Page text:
If this denial that evil is really opposite to good could be established in men's thoughts, the victory of the serpent would be complete; and there would be that profane marriage of heaven with hell, of which William Blake wrote! To save us from that, hell is permitted by the Lord to show its ugly features, not alone in disease and death, but through crime and war, through obvious sin and falsity. Yet evil is not exposed — in its eternal opposition to God — in any of these temporary events. It was necessary, when men began to eat of the tree of knowledge of good and evil, for the Lord Himself to reveal this eternal opposition and to teach in the written Word what was against His will, what was permanently contrary to His merciful purposes by which His creatures might enjoy His gifts of eternal happiness. He warned men against evil by forbidding certain symbolic acts which, if not shunned, would defeat His plan for their happiness. And when mankind still persisted in their evils, insisting on determining for themselves what evil was, He revealed, by His own mouth, the consequences of sin. Even in the New Testament, however, He spoke in symbols, and described heaven and hell in parables and similes. Hell He depicted as a place of darkness and disappointment, a lake of unquenchable fire, where the wicked would undergo eternal chastisement.
Christians have usually taken this quite literally. Modern Catholic textbooks brand as rashness any suggestion that the "fire of hell" is figuratively used,8 and insist that hell (and also "purgatory," a thing of their own invention) is in a place. Among Protestants, such orthodoxy is more rare, although the preaching of "hell-fire" is still the vogue among evangelists in terrifying their hearers into contrition. The Writings of course make clear that hell is a state rather than a place, and that whatever the appearance — its "fire" is actually the loves of self and the world, its darkness is due solely to the falsities which lead to willful ignorance. And it was left for a New Church man4 to remind us that the "eternal punishment" of the wicked, in the Greek text (Matthew 25:46), meant rather discipline than torture, and that the word used (kolasir), suggests "pruning," "checking," "tempering," "correcting"; which, of course, must be an eternal process in the hells; even though punishments are neither continuous nor everlasting.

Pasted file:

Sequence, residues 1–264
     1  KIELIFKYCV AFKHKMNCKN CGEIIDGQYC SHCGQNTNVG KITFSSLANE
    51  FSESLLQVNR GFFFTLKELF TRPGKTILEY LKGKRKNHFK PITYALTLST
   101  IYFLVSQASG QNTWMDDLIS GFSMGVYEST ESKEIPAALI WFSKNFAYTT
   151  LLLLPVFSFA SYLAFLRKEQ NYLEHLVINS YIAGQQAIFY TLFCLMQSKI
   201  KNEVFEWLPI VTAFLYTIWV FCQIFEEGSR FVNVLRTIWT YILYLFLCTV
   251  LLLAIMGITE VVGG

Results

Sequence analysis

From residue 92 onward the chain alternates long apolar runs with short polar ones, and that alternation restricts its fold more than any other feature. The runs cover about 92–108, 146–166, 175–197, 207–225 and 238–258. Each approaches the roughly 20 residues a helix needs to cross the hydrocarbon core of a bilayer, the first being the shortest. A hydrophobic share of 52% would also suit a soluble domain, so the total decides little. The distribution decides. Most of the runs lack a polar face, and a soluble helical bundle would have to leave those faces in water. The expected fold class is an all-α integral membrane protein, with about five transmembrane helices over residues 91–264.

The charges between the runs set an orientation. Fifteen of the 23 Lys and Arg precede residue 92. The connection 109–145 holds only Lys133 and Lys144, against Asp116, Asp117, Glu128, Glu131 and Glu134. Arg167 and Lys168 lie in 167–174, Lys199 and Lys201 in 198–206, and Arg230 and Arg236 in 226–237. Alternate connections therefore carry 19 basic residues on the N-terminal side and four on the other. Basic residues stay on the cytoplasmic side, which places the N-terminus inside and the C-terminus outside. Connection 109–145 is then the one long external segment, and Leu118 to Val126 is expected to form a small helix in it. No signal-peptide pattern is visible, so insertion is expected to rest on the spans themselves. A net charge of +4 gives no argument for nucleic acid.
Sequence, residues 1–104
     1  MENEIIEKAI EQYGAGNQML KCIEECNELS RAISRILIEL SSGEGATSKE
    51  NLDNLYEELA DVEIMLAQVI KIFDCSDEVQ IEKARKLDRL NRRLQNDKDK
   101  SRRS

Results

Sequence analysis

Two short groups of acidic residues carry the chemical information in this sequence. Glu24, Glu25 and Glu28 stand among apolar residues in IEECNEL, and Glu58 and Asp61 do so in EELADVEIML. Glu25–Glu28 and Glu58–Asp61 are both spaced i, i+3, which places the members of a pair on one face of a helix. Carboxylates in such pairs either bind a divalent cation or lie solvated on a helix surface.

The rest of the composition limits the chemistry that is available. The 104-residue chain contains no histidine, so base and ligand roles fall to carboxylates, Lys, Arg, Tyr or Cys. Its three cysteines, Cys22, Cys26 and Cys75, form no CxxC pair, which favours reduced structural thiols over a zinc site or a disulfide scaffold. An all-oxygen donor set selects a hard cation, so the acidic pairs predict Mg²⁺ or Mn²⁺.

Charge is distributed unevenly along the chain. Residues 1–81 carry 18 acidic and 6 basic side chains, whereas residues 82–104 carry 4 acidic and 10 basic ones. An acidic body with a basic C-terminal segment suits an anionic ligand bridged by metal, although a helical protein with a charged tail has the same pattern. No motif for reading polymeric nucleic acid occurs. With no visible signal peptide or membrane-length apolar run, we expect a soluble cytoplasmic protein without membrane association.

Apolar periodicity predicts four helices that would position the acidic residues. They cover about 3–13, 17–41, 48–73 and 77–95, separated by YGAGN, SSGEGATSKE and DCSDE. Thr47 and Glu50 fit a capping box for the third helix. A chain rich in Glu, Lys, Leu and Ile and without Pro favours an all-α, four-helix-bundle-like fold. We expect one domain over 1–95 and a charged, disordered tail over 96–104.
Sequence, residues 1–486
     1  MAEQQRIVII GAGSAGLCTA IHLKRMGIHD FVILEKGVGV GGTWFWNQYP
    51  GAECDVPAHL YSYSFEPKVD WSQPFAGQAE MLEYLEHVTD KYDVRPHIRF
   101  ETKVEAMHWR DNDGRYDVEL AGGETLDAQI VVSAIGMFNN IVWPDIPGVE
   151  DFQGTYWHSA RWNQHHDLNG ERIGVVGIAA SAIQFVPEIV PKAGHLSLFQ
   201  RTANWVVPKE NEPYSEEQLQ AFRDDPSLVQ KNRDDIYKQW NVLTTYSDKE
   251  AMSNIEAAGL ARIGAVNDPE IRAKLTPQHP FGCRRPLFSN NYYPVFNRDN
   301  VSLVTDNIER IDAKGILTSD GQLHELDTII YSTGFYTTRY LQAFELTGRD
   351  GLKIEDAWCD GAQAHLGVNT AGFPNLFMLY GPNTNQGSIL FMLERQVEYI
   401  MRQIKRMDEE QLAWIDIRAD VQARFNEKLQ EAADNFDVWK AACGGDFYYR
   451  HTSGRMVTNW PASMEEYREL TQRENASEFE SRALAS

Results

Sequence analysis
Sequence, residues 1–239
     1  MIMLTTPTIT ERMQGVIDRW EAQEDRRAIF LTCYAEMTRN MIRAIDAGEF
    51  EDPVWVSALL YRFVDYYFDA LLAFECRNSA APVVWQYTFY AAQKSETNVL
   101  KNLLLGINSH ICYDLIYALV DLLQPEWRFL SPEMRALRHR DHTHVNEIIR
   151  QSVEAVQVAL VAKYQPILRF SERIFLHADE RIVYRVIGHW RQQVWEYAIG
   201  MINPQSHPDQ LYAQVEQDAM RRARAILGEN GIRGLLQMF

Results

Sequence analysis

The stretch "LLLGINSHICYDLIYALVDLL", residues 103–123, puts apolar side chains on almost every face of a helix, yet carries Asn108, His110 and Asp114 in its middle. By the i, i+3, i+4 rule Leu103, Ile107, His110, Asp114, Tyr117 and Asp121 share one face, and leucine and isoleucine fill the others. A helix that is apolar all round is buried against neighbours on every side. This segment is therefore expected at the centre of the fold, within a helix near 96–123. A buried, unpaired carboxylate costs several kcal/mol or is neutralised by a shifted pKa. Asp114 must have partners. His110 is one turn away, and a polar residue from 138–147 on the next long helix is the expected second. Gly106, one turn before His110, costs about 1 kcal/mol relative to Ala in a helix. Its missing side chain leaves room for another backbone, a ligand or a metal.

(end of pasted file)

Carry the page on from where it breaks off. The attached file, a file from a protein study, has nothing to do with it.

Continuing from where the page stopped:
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The aversion of men to recognize the nature of evil has led thinkers in every age to seek for some way of evading the fact that it can persist permanently. In the ancient Orient such a way was found in the doctrine of "Nirvana;" according to which all creation, after an epoch, returns into its infinite source—leaving no trace, like a flame that has been "blown out." Another oriental phantasy, — of much influence even among Western peoples — is the doctrine of transmigration of Souls, according to which the period of man's choice is extended over many life-times, man's spirit being reincarnated, either as a higher or lower form of life, and re-born, as a king or a pauper, as a man or as a beast, until he attains the Nirvana of blessed extinction; unless the world is dissolved ere then.
A counterpart of the same idea is found among sects such as "Jehovah's Witnesses," who believe that at the impending Last Judgment, the wicked, whether dead or living, will be annihilated, leaving the newborn earth to be enjoyed by living and reincarnated saints alone. But this simple solution of the world's troubles did not generally find favor in the Christian Church, although there were many prominent Church Fathers and Christian preachers who believed in the eventual redemption or conversion of the hells. Among them were Clement of Alexandria, Origen, and many others, and later John Scotus Erigena. And in Swedenborg's lifetime, Lavater, who corresponded with Swedenborg, and Jung-Stilling, who wrote about him, also defended Universalism; as also William Law, the mystic. Later a Universalist church was founded, in 1770, in America, on the creed that all must pay their debts to God, but that a harmony of all souls with God will eventually ensue. As an organized movement this church is negligible; but their doctrine has greatly permeated the thought of our contemporaries, as if by a silent capillary attraction. For "natural good" stands ever ready to solve unpleasant problems by closing its eyes to the essential issues. And the essential issues are, first, What has the Lord revealed? and second, Can man have spiritual freedom if he is prevented from making his choice permanent?
Modern Christendom about us is more and more veering away from dogmas. It has "found a formula" for evading the force of the Gospel teachings. The idea of hell lingers in the theological schools, even though the fear of a personal Devil is very rare and the clergy have to reduce their flocks into very unsound emotional states before hell-fire has any meaning for them. The real underpinnings of religious motive are weakened by the influence of a popularized version of evolutionary teachings which present man as basically good, evil as a superficial disease due to the infection of the environment, and civilization, not religion, as the healer. "Give man what he wants, feed him and clothe him and amuse him and he will become good"— that is the general philosophy.
* * * * *